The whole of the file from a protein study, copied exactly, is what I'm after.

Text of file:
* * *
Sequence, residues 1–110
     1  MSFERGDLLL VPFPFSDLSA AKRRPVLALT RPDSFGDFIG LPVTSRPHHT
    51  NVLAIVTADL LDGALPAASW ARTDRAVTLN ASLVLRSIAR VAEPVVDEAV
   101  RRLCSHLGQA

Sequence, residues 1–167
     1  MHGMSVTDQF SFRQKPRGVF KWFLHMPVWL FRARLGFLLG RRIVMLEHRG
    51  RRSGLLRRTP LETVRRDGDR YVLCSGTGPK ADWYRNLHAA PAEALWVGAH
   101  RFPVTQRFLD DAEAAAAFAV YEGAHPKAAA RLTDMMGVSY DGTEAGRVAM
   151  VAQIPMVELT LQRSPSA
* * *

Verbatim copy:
Sequence, residues 1–110
     1  MSFERGDLLL VPFPFSDLSA AKRRPVLALT RPDSFGDFIG LPVTSRPHHT
    51  NVLAIVTADL LDGALPAASW ARTDRAVTLN ASLVLRSIAR VAEPVVDEAV
   101  RRLCSHLGQA

Sequence, residues 1–167
     1  MHGMSVTDQF SFRQKPRGVF KWFLHMPVWL FRARLGFLLG RRIVMLEHRG
    51  RRSGLLRRTP LETVRRDGDR YVLCSGTGPK ADWYRNLHAA PAEALWVGAH
   101  RFPVTQRFLD DAEAAAAFAV YEGAHPKAAA RLTDMMGVSY DGTEAGRVAM
   151  VAQIPMVELT LQRSPSA